Des Moines Elementary combating air traffic overhead in the Pacific Northwest
In a community heartened by the opening of its first library in 19241, the good citizens of Des Moines, Washington opened a stunning new school the following year on the site of their original one-room school building. Just three years later in 1928, 50,000 air flight-enamored residents attended the dedication of the land where Boeing Field would be constructed.2 By 1930, the terminal was complete and the sounds of birds chirping in the trees quickly changed to the sound of aluminum birds whizzing by overhead.
Fast forward to 2019 with Seattle-Tacoma airport occupying Boeing Field after a purchase in the 1940’s, where the airborne concerto of takeoffs and landings reaches a persistent climax—hardly ideal for concentrating on one’s studies. Couple that with decades of surviving legendary rains, snow and extreme windstorms, along with wear and tear from the rambunctious life of an elementary school, and the building was due for retirement.
“Our old school served many generations,” said Des Moines Elementary School principal Rick Wilson at the groundbreaking on June 8, 2018. “The hardwood floors echo the memories of decades of students and staff, but we won’t miss the plumbing, heating, leaky roof or connectivity issues. We are looking forward to a grand opening in fall 2019 when we can welcome all the students and staff and families to a modern school building that will serve this community for generations to come.”2
Overcoming Sound Near Puget Sound
After a standard RFP process, Hutteball + Oremus Architecture of nearby Kirkland, Washington, was awarded the contract to design the new school, with architect Ingrida Sanders acting as designer and project manager. Puyallup, Washington-based Absher Construction was chosen to serve as the project’s general contractor.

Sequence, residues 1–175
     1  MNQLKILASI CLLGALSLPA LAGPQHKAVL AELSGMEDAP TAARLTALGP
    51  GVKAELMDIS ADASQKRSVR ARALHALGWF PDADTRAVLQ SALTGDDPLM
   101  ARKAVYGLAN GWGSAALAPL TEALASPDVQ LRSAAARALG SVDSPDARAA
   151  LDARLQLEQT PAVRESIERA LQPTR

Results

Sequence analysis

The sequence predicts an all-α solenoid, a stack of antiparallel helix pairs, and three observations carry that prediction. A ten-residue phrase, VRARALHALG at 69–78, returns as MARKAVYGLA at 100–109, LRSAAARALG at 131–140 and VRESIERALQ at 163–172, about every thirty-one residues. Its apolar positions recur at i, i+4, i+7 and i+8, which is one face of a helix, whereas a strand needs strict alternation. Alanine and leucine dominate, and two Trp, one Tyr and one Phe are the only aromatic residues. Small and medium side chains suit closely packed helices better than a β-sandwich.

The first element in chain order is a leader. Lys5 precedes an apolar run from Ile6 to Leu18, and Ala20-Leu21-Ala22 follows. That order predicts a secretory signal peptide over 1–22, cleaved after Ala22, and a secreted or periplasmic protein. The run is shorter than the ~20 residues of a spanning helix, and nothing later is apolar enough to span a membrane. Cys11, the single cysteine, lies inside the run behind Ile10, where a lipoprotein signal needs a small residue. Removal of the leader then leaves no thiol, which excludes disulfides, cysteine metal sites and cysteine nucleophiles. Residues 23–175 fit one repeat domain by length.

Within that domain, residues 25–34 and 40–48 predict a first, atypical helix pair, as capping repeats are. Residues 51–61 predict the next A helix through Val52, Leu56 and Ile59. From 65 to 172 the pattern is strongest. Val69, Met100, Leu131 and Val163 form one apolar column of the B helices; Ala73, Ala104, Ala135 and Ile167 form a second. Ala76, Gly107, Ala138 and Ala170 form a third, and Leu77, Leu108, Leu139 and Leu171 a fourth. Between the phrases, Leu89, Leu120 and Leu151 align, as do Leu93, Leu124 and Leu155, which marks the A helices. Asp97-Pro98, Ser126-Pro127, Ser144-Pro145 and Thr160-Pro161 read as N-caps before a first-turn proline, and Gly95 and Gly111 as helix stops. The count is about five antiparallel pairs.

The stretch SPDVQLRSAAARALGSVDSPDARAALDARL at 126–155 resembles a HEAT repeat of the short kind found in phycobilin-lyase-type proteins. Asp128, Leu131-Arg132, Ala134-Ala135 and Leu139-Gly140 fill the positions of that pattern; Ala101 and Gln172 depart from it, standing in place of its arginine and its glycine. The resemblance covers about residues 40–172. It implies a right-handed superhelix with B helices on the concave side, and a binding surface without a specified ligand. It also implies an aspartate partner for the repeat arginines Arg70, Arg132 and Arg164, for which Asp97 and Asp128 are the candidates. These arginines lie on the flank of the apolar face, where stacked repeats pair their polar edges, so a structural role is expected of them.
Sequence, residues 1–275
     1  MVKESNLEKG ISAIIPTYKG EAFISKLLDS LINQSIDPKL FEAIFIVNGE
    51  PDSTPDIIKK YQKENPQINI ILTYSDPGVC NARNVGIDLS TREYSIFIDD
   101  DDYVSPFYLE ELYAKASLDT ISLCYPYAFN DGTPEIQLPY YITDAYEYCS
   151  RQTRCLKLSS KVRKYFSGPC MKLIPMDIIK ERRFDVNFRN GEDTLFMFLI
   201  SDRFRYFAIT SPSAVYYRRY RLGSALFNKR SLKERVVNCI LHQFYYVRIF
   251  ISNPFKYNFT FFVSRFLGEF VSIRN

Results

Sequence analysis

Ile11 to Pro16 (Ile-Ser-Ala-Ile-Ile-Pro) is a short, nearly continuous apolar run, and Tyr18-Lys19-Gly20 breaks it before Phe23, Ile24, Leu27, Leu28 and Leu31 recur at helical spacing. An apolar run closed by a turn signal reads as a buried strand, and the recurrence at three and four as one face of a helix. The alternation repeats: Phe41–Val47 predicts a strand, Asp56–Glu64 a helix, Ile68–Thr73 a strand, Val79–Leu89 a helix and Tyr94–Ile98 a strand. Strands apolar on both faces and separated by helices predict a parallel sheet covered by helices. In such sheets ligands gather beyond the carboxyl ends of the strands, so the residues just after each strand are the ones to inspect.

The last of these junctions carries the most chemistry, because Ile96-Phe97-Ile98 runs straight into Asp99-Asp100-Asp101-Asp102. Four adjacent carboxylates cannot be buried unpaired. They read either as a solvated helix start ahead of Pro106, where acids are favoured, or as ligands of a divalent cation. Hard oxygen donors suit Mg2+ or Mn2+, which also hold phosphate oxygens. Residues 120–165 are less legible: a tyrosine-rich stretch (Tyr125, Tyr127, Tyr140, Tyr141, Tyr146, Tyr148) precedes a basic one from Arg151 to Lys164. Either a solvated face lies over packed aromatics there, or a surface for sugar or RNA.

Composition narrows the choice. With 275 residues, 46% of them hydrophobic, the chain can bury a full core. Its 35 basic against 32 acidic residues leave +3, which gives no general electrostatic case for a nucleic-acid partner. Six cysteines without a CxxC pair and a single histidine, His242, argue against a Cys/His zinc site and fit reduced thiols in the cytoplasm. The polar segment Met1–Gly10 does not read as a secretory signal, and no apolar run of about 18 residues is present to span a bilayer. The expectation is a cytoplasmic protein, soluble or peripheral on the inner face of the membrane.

Lying directly in Sea-Tac airport’s flight path, noise mitigation was a major criterion of the wall and roof assembly design.
“This is the first time we’ve designed a project to meet strict noise standards,” Sanders explained. “All the products we specified for the building envelope, from sheathing to glazing to roof board, had to meet certain Sound Transmission Class (STC) ratings to comply with health department administrative code and Federal Aviation Administration (FAA) requirements. Two tests will be conducted before the school opens to ensure the requirements were met.”
Dens® Solutions for the modern envelope were specified for the project: DensElement® Barrier System and DensDeck® Prime Roof Board with EONIC™ Technology. The versatility of our Dens® Solutions exterior wall and roof products removes friction from the design process, making specification easier and supporting creative envelope design for the architects and designers who bring it to life.
The Envelope’s Starting Line: The Roof
Since Sanders specified DensDeck® Prime Roof Board on multiple past projects, the decision to incorporate it into the Des Moines Elementary School building envelope was easy.
“It’s an excellent product to use for weather protection and mold and fire resistance,” Sanders said. “It’s no surprise that everything ran smoothly.”